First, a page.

30 July 2009

And Then There Were Three

Adriana Burkhart State Tournament Jennifer Barko Serving The QueensIn this photo: HOPE. Alive and well.

Approximately three weeks ago in our state, All-Star tournaments started.

120 teams suited up and took the field in the hopes of going to the state finals and fighting for the chance to be called "State Champs".

Three of those teams are left now.

I thought that I knew a lot about parenting. I thought that I knew a lot about life. I thought that for the most part, I wanted time to stand still so that I could have my children be children always, even though I knew this wasn't possible.

I thought that over this past six months, I'd cried myself out. I thought I had nothing left in me, no matter how happy or sad.

I've been wrong before, but never so wrong.

Today was one of the happiest days of my life, watching Big A's team win.

Pieces of my heart are scattered across softball fields everywhere, and the same remains true not with just my sisters, but with so many members of my family. It felt like with each play made, they were returning bits of myself to me.

They must win each time game that they play now in order to march on. During the game that they lost, I was furiously chatting on my Blackberry with my sister A, detail by detail, including counts on batters. It was down to our teams last at-bats and they were down by two.

I was standing alongside the fence, moving back and forth, trying not to cry when I read this message from A:

The boys have on their rally caps. And then an image, right to my heart, from 500 miles away, I could see them. Then the next message: And we have our shoes on the wrong feet.

Because they can't get cell service in their house, those three sat in her car in the driveway for the entire game and wept with me at the end when Big A's team fell into the loser's bracket.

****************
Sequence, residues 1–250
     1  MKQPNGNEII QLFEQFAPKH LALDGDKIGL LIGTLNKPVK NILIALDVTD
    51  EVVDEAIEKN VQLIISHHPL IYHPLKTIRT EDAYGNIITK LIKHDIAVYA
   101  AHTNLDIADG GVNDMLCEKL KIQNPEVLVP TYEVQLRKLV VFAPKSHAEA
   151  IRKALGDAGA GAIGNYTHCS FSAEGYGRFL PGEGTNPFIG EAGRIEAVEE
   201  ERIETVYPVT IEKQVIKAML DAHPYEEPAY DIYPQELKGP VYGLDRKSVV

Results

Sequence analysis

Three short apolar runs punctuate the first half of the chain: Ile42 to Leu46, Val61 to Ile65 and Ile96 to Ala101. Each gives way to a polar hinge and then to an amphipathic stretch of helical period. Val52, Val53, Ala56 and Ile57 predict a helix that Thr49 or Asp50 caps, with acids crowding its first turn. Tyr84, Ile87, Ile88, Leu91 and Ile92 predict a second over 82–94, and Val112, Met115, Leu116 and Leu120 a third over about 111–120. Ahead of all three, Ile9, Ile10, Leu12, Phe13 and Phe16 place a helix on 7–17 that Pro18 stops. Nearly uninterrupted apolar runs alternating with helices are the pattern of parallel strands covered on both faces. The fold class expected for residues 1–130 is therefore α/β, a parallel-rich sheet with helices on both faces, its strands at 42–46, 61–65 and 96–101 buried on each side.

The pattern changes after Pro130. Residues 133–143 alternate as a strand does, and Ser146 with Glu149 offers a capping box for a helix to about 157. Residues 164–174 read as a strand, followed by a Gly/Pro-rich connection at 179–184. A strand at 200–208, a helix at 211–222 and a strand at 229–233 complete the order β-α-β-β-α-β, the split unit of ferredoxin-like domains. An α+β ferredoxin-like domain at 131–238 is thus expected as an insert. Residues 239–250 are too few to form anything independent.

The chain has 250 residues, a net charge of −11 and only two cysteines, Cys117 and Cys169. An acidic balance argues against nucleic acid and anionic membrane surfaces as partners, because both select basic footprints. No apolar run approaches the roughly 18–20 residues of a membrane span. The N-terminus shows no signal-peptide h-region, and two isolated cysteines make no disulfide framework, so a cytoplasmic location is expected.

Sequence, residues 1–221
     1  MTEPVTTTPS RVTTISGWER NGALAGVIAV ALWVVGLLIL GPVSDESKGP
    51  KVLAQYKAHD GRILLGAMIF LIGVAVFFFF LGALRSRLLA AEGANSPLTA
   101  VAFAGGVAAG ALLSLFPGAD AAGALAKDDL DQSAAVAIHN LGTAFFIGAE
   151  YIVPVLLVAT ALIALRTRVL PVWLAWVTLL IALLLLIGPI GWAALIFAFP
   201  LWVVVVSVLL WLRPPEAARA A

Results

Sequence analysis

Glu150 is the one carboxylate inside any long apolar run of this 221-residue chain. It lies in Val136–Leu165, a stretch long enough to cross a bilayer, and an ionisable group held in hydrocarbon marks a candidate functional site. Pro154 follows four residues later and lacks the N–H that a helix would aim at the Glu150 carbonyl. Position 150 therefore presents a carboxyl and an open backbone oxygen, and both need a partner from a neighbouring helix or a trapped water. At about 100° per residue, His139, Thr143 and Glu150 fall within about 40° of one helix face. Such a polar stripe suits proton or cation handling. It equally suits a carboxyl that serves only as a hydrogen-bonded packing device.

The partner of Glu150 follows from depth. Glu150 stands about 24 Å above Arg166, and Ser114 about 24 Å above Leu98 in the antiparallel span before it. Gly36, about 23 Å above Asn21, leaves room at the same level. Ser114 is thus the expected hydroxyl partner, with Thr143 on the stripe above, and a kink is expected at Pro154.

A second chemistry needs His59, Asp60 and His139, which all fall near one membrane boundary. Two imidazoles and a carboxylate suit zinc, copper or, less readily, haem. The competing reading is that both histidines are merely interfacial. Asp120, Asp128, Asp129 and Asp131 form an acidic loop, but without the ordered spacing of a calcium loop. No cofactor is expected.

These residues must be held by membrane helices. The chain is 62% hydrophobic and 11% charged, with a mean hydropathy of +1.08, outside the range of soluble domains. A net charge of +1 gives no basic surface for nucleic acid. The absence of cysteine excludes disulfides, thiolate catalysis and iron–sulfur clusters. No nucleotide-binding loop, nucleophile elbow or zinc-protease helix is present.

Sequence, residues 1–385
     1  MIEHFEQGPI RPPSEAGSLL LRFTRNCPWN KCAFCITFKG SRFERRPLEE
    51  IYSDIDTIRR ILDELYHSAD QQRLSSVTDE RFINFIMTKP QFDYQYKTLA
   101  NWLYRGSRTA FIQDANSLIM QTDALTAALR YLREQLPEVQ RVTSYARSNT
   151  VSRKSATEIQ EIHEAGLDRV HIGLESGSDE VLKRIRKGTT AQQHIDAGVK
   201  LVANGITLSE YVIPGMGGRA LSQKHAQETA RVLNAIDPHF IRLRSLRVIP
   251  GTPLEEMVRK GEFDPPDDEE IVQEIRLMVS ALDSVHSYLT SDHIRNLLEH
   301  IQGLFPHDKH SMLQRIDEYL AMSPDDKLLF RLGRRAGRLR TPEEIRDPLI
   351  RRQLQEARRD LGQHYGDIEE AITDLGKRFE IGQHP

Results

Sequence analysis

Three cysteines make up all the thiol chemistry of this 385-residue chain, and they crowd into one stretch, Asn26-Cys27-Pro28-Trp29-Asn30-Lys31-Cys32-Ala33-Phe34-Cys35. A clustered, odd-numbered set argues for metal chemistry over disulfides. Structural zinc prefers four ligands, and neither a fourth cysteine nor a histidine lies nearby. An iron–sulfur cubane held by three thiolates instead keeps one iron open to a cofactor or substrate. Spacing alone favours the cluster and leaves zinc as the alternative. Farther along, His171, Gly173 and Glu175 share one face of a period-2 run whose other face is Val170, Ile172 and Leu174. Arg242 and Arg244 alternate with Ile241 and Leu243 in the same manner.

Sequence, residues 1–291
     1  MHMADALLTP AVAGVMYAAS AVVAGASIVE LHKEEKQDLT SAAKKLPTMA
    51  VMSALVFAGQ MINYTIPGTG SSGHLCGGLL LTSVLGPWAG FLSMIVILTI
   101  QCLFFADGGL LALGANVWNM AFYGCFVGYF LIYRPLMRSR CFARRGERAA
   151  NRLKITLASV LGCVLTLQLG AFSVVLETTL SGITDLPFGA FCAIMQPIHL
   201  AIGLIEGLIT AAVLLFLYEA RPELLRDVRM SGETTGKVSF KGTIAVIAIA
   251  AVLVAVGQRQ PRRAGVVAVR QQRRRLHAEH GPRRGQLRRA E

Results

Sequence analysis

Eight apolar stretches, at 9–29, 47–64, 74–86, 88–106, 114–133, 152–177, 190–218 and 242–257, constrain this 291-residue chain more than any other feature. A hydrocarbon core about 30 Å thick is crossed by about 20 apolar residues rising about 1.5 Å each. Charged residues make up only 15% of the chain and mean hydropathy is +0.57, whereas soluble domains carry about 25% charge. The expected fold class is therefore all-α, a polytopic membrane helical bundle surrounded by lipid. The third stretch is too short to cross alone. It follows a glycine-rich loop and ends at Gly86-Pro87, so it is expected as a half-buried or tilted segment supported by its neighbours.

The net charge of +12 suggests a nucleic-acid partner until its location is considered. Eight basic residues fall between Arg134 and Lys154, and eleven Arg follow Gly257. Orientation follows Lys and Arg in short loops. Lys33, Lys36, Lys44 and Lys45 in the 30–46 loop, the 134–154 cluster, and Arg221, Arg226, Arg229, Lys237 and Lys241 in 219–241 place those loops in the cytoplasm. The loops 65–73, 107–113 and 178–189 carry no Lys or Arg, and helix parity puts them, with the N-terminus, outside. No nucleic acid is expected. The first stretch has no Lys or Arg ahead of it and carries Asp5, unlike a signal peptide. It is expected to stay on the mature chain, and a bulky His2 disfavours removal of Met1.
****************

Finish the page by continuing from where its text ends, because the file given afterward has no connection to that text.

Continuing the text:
During the game tonight, 500 miles away, A and her children and my niece again assumed their positions around her phone. It was an inning by inning battle; again I paced and typed. They would score, their opponents would score. This continued inning after inning.

Finally, the last inning arrived with Big A's team up by 2. "We need 3 outs", I typed.

With two runners on and two outs on the scoreboard, I didn't think I would be able to take one more breath, then finally, the final out. Our girls advanced again.

"WE WON!" I sent to the faithful fans assembled around a phone so very far away.

"You should have heard me and the kids praying together in the car", A typed.

"I did." I replied.

And I did.

Somehow, across all those miles and somehow, through all of the dust and dirt and tears, there they were, right next to me, staring down a dream--a dream that we've each dreamed for ourselves, and a dream that belongs to each of us now as this magic summer continues.

120 teams.

Three remain.

Go, Girls, Go!

17 July 2009

Dear Big A: A Letter From Your Adoring Mother

Dear Big A,

As you're gearing up for your big game tonight, there are a lot of things I'd like to tell you, but I don't think that I can say them without losing myself in a sea of tears, so I'm writing them instead.

I want to tell you to swing for the fence, each time, unless you are supposed to sacrifice for the good of your team.

I want to tell you that if you strike out, make eye contact with the pitcher, nod your head, and run back to the dugout.

I want to tell you that if you see a ball coming at you and you think, "No way", dive anyways. Sometimes you might miss it, but sometimes, you won't. It won't be the missed catches that haunt you, Big A, it will be the ones that you wonder about--wonder what would have happened if you'd tried.

If you're going to slide, kiddo, slide with gusto. No half slides, no "Should I or shouldn't I"? Run as hard and as fast as you can and plan on sliding with everything that is bundled inside of you.